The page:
The Globe and Mail reported today that there’s some dissatisfaction with the way Ontario Court of Appeal Justice David Watt has written a few of his judgments. According to the story by Kirk Makin, “some traditionalists” are upset because the judge has imitated novelists, which, according to some critics, might be okay if you’re Lord Denning judging contract disputes but not where criminal law is concerned.
Makin quotes from a few of Justice Watt’s opinions, including, for example, R. v. Yumnu, 2010 ONCA 637:
 Tung Duong and Dung Ton fell out over money owed and product misappropriated in their business ventures in drugs, prostitution and money-lending.
 Duong decided that he wanted Ton dead. Killed, along with Ton’s wife, Bon Bui, if they were together. Arrangements were necessary. Money to finance the job. A killer or two to carry it out. A weapon. A place away from public view. An escape plan.
The thing is, that’s all there is — in that case, at least. Just the opening à la Denning. After that it gets pretty much standard and less than gripping:
 To demonstrate an impairment of the right to make full answer and defence as a result of a default or delay in disclosure, an appellant must establish a reasonable possibility that the delayed or failed disclosure affected the outcome at trial or the overall fairness of the trial process: Dixon at para. 34; Stinchcombe at p. 348; R. v. C. (M. H.), 1991 CanLII 94 (S.C.C.),  1 S.C.R. 763, at p. 776. The reasonable possibility that the appellant is required to demonstrate must not be entirely speculative, rather must be grounded on reasonably possible uses of the non-disclosed evidence, or reasonably possible avenues of investigation that were closed to the appellant as the result of the default or delay in disclosure: Dixon at para. 34.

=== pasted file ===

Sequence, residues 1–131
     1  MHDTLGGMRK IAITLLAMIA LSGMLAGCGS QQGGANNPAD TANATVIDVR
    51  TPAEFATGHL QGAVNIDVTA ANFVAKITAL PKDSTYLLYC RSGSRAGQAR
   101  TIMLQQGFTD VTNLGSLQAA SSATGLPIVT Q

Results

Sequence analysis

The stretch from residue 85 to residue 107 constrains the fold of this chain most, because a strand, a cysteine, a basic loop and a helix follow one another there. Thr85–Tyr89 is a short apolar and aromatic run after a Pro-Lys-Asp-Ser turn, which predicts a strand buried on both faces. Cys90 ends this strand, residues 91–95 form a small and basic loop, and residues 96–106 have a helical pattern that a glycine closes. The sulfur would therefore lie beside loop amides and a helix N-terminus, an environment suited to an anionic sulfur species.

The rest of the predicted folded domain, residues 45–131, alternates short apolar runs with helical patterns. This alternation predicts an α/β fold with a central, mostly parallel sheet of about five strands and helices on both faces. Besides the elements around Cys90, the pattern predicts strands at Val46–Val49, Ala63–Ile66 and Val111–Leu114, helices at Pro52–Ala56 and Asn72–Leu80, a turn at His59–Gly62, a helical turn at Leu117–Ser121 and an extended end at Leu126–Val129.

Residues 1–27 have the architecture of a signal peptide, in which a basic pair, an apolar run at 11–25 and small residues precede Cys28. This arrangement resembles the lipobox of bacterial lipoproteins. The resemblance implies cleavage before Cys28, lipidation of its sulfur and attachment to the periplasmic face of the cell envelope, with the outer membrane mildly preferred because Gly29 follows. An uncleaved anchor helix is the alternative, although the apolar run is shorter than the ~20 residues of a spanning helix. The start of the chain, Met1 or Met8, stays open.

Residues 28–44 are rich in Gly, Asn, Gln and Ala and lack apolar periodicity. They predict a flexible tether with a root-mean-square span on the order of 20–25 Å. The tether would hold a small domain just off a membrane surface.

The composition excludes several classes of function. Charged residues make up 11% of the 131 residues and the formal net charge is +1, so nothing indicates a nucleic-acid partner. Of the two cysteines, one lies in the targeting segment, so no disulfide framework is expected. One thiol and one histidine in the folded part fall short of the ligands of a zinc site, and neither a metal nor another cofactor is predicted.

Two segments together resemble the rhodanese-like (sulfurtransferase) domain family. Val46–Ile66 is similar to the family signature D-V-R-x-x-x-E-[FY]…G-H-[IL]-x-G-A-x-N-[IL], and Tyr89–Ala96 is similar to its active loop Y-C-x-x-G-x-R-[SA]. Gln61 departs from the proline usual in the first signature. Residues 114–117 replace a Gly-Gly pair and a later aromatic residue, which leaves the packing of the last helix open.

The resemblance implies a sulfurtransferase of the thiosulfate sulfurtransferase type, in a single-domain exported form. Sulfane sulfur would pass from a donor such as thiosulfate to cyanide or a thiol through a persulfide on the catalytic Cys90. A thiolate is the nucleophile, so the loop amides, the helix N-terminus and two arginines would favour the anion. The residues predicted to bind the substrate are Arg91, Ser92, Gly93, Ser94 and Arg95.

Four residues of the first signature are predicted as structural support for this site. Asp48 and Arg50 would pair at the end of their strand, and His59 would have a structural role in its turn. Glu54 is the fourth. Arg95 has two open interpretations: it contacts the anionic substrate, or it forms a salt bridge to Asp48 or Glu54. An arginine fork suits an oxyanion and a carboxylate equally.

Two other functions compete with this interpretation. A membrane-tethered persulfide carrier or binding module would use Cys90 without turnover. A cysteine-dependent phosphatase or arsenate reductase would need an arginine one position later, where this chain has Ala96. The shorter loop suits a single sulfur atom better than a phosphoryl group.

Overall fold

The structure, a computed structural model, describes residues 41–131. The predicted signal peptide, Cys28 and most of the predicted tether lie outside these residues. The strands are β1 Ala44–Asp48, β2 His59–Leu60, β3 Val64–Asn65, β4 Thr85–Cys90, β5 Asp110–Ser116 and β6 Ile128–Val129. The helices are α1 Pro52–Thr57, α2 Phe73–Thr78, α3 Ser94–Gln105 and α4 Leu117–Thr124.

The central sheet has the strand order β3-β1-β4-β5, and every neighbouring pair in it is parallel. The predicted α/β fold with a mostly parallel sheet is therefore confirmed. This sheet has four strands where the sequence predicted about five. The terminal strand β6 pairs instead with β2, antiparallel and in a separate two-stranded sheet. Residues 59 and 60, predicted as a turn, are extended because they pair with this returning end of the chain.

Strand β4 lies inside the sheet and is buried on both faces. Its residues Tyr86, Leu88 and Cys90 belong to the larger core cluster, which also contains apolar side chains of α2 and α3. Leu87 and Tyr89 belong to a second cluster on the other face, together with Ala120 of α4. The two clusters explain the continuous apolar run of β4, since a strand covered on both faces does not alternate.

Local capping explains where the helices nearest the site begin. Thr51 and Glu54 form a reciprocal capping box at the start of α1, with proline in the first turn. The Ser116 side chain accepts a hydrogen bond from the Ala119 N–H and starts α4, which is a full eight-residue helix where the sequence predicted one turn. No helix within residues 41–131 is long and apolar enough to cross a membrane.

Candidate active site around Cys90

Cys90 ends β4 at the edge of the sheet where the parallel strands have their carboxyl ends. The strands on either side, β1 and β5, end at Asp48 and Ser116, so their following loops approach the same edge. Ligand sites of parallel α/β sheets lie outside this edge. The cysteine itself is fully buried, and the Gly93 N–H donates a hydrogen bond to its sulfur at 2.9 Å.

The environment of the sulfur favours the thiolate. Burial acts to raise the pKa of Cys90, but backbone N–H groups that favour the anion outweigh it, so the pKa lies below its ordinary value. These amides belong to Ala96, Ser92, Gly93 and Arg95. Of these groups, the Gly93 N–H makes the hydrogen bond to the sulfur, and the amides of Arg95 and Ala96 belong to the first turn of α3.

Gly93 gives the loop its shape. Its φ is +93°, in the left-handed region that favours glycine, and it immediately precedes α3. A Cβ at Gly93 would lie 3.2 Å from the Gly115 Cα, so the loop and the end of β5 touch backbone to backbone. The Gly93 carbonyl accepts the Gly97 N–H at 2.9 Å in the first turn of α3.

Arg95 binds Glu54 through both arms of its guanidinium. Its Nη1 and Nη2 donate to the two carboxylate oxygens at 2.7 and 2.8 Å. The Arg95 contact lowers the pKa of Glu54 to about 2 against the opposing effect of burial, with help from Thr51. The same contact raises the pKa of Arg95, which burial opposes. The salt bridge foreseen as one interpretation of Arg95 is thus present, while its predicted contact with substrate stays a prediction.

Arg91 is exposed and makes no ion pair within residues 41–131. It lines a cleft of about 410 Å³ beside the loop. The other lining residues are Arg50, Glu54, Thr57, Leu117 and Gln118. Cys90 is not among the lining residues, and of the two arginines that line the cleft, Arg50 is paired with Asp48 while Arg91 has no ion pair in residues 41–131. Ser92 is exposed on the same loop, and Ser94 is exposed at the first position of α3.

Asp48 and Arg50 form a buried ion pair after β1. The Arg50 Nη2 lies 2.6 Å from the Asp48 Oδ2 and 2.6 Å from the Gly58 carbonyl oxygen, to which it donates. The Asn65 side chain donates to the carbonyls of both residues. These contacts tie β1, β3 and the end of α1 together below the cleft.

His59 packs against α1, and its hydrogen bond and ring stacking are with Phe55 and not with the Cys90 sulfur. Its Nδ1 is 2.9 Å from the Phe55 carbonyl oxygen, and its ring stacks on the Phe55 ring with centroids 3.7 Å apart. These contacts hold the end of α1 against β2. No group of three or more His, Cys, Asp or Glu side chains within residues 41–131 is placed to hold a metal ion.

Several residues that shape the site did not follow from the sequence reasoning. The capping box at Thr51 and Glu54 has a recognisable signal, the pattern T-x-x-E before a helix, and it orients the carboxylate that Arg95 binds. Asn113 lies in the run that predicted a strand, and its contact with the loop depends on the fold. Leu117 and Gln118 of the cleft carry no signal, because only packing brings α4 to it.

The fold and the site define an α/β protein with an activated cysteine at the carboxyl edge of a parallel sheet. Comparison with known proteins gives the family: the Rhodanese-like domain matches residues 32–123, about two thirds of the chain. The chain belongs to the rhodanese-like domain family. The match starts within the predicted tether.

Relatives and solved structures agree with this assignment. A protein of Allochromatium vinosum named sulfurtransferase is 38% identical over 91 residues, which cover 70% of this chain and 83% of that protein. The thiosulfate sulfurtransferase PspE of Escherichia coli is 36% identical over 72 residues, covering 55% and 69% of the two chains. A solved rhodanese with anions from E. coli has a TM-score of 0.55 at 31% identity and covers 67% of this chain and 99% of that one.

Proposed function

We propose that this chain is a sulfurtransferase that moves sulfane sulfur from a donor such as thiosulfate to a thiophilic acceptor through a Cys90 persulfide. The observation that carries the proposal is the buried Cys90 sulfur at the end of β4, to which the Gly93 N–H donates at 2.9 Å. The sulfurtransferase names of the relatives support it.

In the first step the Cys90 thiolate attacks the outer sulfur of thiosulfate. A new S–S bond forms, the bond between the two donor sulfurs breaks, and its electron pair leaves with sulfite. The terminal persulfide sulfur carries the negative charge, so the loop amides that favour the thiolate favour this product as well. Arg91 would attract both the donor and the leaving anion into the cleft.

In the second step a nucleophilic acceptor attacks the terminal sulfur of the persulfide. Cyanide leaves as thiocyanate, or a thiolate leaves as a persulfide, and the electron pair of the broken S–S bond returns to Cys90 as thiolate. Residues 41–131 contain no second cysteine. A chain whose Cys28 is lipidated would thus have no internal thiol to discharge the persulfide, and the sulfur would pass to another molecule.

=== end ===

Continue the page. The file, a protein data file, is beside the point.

That seems to be a pattern in the few cases in which Justice Watt has gone “noir” — a paragraph or two at the opening done in crime novel style, then on to dry legalese for the rest of the judgment. See, e.g., R. v. Flores, 2011 ONCA 155, R. v. Luciano, 2011 ONCA 89, Ontario (Labour) v. Enbridge Gas Distribution Inc., 2011 ONCA 13. But Justice Watt is perfectly capable of starting out ordinary, as these two recent cases show: R. v. Levkovic, 2010 ONCA 830, United States of America v. Michaelov, 2010 ONCA 819.
Tempest in a teacup.